Recently one of our Partner Companies, Tower Hill Insurance Group, started a new insurance company called Tower Hill Insurance Exchange. The plan is to transition their current customers from Tower Hill Signature and Tower Hill Preferred to this new company.
There are three main reasons that they are doing this:
- Merging the customers to one company will make them a larger and more stable company.
- Less risk for Tower Hill. They will become the Service Provider and only get paid a fee for managing the company.
- The new company should have better results in Florida. We’ll explain later.
The Florida Property Insurance Market is in dire straits. Currently, there is an increase of fraudulent activity. Shady contractors, public adjusters and attorneys are taking advantage of loopholes in insurance policies and Florida laws. Here is an info-graphic from the FAIA to explain more (Click Here). Even though we have not seen any major hurricanes in a few years, the companies are paying more in property claims than ever before (although most of the payments are going to attorney fees)
Many Florida Property Insurance Companies have either stopped accepting new policies, non-renewed a large portion of their customer base, or put major limitations on underwriting guidelines to stop growth. Citizens (State Insurance company of “last resort”) is growing faster than any other property insurance company in Florida.
Insurance Policies are not intended to be maintenance policies. Yet, some consumers are using contractors, public adjusters and attorneys to get a free new roof when the roof has aged and needs replacement. I get it. Roofs are expensive…especially at today’s inflation rates. However, this is like having your auto mechanic file a claim to your auto insurance companies when they wear out. But I digress.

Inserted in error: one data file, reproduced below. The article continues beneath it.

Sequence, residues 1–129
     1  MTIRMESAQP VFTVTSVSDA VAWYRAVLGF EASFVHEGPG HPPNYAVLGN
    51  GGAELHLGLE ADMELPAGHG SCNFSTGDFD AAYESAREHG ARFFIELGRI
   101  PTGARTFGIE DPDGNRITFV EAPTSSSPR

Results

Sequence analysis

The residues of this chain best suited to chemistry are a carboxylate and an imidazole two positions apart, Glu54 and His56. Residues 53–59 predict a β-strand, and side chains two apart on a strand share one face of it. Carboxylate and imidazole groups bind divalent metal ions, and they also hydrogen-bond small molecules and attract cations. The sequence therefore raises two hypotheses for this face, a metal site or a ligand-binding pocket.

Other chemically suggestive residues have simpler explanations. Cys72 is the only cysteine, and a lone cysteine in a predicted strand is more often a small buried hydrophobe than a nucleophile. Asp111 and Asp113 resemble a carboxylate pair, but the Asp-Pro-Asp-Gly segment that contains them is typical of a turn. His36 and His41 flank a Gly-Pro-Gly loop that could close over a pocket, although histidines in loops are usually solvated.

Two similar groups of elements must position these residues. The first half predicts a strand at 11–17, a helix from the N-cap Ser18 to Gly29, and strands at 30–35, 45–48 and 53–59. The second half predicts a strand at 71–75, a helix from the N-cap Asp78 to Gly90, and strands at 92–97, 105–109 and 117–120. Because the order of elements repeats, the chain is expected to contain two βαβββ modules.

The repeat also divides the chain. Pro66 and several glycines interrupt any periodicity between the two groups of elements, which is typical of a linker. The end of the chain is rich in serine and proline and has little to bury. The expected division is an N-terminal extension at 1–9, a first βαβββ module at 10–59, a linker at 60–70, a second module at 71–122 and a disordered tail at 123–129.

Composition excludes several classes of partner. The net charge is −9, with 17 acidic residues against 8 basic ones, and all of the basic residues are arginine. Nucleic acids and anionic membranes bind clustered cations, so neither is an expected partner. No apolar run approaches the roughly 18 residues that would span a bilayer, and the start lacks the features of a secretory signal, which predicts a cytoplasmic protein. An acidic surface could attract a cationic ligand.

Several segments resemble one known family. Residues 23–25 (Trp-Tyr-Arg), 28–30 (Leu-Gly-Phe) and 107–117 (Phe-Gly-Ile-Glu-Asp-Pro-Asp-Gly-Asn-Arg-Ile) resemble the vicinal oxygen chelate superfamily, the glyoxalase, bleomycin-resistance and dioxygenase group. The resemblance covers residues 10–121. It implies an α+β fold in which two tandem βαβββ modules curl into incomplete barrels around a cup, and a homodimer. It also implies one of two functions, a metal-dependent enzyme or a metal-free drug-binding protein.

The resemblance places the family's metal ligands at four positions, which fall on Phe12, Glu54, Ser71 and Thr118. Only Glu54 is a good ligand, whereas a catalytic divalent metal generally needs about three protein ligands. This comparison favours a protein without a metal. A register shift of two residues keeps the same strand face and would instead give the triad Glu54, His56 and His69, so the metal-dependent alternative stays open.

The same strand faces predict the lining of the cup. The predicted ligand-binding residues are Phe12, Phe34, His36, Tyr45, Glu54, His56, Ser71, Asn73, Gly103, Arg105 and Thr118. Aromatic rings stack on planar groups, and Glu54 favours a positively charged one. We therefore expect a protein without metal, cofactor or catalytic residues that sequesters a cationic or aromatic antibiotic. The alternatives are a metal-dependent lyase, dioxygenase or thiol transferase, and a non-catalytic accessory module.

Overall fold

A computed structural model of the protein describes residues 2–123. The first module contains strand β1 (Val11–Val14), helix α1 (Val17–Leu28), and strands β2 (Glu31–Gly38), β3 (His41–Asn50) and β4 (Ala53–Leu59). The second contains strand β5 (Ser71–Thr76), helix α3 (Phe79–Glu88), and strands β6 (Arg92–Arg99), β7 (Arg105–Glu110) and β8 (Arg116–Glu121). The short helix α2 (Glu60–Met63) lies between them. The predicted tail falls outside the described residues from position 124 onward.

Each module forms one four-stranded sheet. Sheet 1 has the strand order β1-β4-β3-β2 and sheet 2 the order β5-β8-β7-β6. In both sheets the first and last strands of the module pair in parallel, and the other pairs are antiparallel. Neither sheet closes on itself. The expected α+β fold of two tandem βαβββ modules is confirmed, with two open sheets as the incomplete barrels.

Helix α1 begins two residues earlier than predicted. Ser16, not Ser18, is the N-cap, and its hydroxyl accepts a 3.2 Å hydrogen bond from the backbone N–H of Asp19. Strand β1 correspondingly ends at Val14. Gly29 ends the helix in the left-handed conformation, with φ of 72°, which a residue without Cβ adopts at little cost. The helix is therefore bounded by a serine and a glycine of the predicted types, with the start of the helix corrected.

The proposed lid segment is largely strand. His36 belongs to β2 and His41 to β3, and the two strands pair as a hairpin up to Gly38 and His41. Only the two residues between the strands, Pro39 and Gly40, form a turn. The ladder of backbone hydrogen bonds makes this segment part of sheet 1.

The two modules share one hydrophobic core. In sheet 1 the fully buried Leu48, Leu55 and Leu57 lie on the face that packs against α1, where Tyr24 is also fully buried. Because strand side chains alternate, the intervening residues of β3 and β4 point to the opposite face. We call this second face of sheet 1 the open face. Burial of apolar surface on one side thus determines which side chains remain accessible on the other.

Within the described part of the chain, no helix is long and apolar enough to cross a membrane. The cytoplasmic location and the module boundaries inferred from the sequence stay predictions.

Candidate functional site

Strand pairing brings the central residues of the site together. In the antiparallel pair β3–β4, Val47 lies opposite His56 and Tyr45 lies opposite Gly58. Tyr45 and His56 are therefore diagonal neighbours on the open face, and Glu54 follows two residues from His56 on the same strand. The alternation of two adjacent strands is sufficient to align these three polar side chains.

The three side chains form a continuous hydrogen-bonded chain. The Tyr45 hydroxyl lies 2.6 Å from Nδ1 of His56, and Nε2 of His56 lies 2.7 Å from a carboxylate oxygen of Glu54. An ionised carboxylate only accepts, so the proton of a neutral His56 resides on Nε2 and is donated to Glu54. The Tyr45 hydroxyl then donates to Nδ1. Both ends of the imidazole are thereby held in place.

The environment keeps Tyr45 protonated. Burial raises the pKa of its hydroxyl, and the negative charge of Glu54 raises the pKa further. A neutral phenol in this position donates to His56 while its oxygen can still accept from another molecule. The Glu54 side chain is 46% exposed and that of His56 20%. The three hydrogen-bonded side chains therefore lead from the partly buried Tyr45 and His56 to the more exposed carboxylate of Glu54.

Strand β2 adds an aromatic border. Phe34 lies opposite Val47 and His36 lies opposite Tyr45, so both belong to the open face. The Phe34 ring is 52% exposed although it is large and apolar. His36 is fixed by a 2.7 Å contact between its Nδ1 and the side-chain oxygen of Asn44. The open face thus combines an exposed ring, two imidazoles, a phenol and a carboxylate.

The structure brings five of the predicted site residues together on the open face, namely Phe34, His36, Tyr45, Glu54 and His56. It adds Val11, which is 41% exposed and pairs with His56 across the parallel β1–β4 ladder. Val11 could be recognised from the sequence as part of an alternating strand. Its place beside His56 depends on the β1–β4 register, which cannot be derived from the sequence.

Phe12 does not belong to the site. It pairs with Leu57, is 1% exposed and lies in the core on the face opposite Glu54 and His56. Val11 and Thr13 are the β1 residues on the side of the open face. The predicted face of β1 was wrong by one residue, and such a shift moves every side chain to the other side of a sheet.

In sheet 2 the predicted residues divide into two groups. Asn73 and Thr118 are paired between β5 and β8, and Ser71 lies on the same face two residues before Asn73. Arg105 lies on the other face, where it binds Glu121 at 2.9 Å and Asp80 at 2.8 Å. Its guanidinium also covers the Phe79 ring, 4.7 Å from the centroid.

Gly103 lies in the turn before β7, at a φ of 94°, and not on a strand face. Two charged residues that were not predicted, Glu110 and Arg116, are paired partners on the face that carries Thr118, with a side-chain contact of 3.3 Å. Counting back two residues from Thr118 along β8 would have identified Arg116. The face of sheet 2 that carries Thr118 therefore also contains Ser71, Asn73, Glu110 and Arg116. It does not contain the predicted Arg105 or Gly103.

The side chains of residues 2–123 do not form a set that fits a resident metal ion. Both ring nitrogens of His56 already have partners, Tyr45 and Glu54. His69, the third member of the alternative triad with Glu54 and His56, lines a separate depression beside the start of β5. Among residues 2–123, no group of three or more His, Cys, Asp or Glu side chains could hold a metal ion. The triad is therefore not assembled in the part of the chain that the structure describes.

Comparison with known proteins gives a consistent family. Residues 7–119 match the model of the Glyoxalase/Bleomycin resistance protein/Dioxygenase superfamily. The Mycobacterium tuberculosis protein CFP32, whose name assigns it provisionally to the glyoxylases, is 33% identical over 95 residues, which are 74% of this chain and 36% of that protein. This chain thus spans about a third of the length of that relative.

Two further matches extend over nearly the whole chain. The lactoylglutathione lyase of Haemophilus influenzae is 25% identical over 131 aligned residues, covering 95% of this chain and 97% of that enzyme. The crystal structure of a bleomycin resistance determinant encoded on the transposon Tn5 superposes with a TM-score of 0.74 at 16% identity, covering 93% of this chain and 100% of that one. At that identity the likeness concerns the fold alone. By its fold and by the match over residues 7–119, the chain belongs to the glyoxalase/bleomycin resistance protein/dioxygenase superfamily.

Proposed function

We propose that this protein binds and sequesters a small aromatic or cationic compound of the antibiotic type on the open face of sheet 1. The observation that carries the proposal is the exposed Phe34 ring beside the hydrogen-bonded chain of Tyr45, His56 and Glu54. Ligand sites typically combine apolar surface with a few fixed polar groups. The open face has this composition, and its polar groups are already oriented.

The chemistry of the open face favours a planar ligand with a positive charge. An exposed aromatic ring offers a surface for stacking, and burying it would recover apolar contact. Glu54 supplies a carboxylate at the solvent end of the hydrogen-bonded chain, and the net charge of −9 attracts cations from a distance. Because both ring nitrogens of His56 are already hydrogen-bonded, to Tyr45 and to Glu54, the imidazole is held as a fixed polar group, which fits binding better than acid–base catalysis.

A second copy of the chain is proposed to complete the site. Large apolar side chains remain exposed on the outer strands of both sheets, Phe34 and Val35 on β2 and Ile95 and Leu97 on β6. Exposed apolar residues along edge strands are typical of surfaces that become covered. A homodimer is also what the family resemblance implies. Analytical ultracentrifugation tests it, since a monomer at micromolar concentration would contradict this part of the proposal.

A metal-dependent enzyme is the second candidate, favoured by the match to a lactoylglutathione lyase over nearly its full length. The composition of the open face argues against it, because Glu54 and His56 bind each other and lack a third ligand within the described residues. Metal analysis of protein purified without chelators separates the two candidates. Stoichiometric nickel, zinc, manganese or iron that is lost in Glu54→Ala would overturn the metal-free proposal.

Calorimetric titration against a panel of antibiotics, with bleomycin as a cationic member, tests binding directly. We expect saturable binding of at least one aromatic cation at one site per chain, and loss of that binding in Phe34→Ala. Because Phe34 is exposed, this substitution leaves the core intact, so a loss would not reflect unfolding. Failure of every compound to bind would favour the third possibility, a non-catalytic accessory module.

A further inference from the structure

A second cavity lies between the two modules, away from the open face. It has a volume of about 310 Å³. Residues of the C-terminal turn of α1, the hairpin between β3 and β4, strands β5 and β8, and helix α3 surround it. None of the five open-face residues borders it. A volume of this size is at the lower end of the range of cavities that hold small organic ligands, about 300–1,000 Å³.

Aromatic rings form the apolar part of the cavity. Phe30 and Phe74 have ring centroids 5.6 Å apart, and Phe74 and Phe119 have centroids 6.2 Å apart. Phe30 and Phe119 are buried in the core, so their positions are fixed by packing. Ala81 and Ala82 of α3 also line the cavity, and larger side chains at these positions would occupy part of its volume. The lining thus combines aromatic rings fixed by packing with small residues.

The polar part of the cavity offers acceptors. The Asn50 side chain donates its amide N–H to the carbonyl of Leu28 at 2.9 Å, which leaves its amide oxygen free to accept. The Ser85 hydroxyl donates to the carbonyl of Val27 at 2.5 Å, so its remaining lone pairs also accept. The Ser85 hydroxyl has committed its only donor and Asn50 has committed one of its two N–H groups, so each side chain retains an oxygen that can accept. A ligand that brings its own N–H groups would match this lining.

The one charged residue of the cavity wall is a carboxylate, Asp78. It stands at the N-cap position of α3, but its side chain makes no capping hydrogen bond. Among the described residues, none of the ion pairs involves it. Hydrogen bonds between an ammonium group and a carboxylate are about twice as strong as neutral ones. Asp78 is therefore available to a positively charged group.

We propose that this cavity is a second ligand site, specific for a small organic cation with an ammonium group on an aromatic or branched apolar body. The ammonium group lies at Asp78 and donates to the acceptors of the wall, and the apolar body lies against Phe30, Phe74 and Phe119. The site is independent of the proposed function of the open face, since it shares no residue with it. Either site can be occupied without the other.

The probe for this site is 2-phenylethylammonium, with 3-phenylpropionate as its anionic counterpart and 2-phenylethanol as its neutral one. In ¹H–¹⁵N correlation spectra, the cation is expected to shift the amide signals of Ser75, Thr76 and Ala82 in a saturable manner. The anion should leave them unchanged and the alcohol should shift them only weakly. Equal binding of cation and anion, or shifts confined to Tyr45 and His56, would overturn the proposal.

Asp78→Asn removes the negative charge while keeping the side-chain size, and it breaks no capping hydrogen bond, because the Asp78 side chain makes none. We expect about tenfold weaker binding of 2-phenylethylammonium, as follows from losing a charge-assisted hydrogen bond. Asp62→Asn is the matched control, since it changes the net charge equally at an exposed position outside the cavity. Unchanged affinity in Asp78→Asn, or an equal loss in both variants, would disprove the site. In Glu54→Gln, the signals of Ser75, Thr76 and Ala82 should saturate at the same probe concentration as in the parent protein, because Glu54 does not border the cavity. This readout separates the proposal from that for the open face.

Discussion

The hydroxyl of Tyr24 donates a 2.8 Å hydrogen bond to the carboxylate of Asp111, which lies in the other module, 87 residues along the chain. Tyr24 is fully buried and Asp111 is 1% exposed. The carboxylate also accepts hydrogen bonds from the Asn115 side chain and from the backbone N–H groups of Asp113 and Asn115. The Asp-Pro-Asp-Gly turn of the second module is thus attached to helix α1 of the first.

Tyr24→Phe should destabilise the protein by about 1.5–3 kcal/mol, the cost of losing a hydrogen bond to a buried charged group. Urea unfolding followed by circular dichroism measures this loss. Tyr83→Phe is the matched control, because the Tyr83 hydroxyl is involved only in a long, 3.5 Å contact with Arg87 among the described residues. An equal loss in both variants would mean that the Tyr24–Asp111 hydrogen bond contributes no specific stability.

What is a Reciprocal Insurance Exchange?
A Reciprocal Insurance Exchange has 3 parts:
- Subscribers – These are the policyholders. They are the owners of the company and share in the risk.
- Agent in Fact – This will be the managing company (Tower Hill Risk Management) who handles the Exchange’s operations. The subscribers sign over a limited Power of Attorney to allow them to run all facets of the company.
- Subscribers Advisory Committee – Annually elected officials that just review oversight.
The Advantages of a Reciprocal Insurance Exchange
Subscriber Savings Accounts – Once the company makes an underwriting profit (spends less than it makes), the subscribers will begin to share in the profits. Although they won’t get a check each year, they will receive any funds from the account when they cancel their policy (sold property, went to another company, etc.).
More Transparency – As a Subscriber, you will be notified of the financials of the Exchange. No, you won’t know what neighbors filed a claim, but you will know the financial health of the company.
Mindset of the Policyholder – Since the policyholder is an owner, it is believed it will decrease unethical decisions by policyholders. Better maintenance decisions on their home. Less likely to file frivolous claims. Less likely to be fooled by shady contractors that knock on their doors. They know bad decisions affect their premiums and chances of getting an underwriting profit. At least, that is the hope.
The Disadvantages of a Reciprocal Insurance Exchange
Subscriber Surplus Contributions are non-refundable. In the beginning, the company will be charging 10% of the annual premium as a Subscriber Fee. If you cancel your policy midterm, you will get a smaller refund that you would get with most admitted insurance companies.
Although Tower Hill Insurance Exchange is not one of these, some Reciprocal companies can offer assessable policies. This means they can charge additional premiums if operating expenses were higher than expected. Fortunately, Tower Hill Insurance Exchange policies are non-assessable.
If you have any additional questions about the Tower Hill Insurance Exchange, visit the THIE page.